SAN DIEGO & PITTSBURGH--(BUSINESS WIRE)--Scientist.com, the world's leading marketplace for outsourced scientific services, and the University of Pittsburgh today announced a partnership that enables medical companies to access the latest translational research tools and technologies. The University offers an array of services to industry through Scientist.com, including computational modeling for pharmacology, drug target discovery services and translational technology development.
“Scientist.com’s award-winning marketplace will enable thousands of pharmaceutical and biotech researchers to access the outstanding suite of translational research services in Pitt’s School of Medicine,” stated Rebecca Bagley, Pitt’s Vice Chancellor for Economic Partnerships. “It is critical that industry and academia work together to lower barriers to innovation and bring new cures to market.”
The School of Medicine will be the first entity within Pitt to provide translational research services through Scientist.com. The University has created a centralized operation with a combination of academic and industrial experience to help its research facilities deliver outstanding basic science services to the medical industry.
"The School of Medicine is a hotbed of clinical and translational research," said Arthur S. Levine, MD, the John and Gertrude Petersen Dean of the School of Medicine. "Our faculty researchers have broad and deep scientific expertise, and we support their work with robust research infrastructure and a commitment to developing innovative tools and technologies. We also have a long track record of working with industry partners to speed the translation of scientific discoveries to the clinic and to the marketplace. I'm excited to see more such collaborations emerge from this partnership.”
Through Scientist.com, Pitt will create mutually beneficial, long-lasting partnerships with industry by providing fee-for-service access to its expert faculty and facilities. Scientist.com will serve as a time-saving liaison to match Pitt researchers with medical and pharmaceutical companies seeking research help on various projects such as new drug therapies or bioinformatics through a one-stop-shop database. Pitt’s research resources provide access to expertise, technology applications and state-of-the-art instruments that are otherwise unavailable to industry and many academic investigators.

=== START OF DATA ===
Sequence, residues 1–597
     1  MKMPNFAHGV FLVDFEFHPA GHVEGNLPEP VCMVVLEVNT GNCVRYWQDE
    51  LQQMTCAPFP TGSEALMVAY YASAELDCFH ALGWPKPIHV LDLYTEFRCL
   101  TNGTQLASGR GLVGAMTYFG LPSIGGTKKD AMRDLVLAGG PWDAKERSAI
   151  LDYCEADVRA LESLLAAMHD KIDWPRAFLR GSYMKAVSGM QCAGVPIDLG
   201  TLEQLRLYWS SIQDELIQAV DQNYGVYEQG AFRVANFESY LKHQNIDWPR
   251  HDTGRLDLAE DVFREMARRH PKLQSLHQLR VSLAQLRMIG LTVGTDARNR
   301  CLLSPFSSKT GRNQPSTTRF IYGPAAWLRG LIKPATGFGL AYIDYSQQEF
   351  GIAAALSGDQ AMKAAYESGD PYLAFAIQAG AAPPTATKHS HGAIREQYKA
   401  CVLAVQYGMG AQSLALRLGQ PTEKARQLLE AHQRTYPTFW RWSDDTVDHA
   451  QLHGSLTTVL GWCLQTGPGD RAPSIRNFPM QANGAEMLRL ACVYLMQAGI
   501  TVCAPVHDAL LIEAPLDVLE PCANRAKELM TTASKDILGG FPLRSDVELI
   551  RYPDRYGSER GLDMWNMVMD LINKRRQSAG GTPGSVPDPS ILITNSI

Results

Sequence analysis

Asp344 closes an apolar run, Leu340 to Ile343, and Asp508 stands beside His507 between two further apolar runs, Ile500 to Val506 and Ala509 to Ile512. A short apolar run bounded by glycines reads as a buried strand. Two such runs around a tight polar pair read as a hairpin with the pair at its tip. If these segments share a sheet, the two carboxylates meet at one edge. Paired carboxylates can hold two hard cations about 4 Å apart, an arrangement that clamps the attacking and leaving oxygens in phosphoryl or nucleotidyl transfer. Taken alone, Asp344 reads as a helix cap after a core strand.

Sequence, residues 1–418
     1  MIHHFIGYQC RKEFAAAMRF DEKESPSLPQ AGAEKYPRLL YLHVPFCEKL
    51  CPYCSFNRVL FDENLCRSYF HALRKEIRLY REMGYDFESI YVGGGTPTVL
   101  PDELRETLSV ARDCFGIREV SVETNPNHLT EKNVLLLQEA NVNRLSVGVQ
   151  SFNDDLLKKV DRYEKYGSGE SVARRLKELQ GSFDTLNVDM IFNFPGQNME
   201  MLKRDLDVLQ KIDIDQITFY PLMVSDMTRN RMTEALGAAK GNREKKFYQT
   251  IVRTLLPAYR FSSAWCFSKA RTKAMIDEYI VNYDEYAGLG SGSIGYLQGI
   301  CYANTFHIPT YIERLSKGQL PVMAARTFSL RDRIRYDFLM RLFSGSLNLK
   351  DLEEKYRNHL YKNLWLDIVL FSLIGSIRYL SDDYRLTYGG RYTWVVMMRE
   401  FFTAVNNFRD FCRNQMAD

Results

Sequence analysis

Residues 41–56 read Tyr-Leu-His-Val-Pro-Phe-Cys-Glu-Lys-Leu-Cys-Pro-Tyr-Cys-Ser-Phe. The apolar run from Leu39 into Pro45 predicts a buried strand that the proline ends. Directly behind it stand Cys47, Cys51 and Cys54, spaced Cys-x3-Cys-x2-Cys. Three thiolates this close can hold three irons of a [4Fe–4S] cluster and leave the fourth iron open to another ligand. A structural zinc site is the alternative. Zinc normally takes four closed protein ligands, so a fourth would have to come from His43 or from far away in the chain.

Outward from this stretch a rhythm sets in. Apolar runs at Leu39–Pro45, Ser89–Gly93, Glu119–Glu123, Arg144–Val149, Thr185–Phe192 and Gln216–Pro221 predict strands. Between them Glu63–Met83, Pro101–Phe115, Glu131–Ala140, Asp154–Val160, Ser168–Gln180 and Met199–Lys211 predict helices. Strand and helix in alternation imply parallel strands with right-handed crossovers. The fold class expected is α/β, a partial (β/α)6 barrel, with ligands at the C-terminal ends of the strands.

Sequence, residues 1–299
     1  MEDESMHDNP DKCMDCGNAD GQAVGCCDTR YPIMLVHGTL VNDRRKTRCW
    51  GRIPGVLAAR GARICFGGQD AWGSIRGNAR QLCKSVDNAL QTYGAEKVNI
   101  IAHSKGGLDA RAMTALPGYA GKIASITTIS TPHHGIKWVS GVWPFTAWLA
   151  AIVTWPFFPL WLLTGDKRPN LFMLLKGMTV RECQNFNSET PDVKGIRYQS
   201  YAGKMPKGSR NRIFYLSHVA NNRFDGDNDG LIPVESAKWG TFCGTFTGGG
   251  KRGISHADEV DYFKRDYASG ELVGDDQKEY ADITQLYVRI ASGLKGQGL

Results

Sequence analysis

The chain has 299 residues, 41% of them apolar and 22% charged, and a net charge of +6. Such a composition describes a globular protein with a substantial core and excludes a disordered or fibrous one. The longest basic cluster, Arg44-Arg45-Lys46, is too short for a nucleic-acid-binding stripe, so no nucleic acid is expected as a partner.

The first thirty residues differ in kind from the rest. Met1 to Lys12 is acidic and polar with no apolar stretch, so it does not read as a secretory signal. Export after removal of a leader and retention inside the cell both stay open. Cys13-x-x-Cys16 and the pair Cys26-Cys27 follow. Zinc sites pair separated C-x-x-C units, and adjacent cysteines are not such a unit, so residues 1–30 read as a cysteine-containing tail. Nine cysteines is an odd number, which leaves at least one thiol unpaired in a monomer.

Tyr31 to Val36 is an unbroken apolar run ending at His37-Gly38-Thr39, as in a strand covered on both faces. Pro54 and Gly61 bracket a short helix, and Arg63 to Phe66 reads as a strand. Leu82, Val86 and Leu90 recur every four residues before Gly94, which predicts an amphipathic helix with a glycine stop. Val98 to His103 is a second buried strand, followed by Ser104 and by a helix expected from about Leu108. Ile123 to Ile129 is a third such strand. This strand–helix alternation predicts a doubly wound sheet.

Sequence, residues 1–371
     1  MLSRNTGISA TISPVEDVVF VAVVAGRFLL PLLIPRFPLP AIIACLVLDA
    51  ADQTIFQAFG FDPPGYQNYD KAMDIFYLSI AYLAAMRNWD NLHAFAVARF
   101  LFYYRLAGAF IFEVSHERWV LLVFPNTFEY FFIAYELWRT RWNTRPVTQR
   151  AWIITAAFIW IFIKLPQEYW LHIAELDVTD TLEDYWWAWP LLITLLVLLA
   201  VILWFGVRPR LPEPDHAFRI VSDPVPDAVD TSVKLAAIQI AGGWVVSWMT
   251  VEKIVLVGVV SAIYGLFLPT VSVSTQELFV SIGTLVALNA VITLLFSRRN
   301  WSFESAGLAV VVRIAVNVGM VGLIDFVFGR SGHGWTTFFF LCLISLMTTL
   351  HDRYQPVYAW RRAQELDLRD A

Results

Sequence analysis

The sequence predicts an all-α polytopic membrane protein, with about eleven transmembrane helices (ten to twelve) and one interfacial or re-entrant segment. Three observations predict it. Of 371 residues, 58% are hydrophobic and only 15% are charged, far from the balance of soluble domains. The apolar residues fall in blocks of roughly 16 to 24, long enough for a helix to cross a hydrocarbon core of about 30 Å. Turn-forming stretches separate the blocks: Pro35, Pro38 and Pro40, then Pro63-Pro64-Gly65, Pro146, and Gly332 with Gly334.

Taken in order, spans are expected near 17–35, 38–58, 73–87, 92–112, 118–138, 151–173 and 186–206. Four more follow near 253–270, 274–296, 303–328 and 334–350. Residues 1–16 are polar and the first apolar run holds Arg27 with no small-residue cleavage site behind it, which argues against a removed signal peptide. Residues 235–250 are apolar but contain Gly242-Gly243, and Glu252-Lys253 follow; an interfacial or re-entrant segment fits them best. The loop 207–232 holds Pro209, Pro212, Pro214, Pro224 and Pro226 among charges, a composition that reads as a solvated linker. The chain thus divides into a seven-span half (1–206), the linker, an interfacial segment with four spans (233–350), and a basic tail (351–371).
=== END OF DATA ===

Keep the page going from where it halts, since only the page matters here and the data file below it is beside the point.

“The University of Pittsburgh offers cutting-edge translational research tools as well as access to the experts needed to design and run a pre-clinical drug discovery program,” stated Kevin Lustig, PhD, Scientist.com’s CEO and Founder. “This partnership makes it easier for all scientists – academic, government and industry – to translate new research discoveries into therapeutic drug programs.”
Scientist.com is the world's leading marketplace for outsourced research. The marketplace simplifies the entire research sourcing process, saving time and money and providing access to the latest innovative tools and technologies while maintaining full compliance with an organization’s procurement policies. Scientist.com operates private enterprise marketplaces for most of the world’s major pharmaceutical companies, the Biotechnology Innovation Organization (BIO) and the US National Institutes of Health (NIH). Since its founding in 2007, Scientist.com has raised more than $33 million from Leerink Transformation Partners, 5AM Ventures, Heritage Provider Network, Bootstrap Ventures and Hollywood producer Jack Giarraputo among others. Visit scientist.com to learn more. Join Scientist.com on social media: YouTube, LinkedIn, Twitter, Facebook, and Instagram.
About the University of Pittsburgh School of Medicine
The University of Pittsburgh School of Medicine has a mission to educate science-based, skilled, and compassionate clinicians prepared to meet the challenges of practicing medicine in the 21st century and conduct cutting-edge biomedical research that betters the human condition and advances the fundamental understanding of medical science. Part of the University since 1883, the school has places in history as a leader in medical treatments such as the polio vaccine and organ transplantation. The School of Medicine has annually ranked among the top 10 recipients of NIH funding since 1998, with $528 million in NIH grant funding awarded in 2017. The school also accounts for $551 million in funding received by the University. The School of Medicine has 579 registered MD students, including 315 (54 percent) women and 264 (46 percent) men. It also has 2,350 regular and 1,664 volunteer faculty members. Of these, 70 are current members of the Academy of Master Educators, an organization that recognizes and rewards excellence in medical education.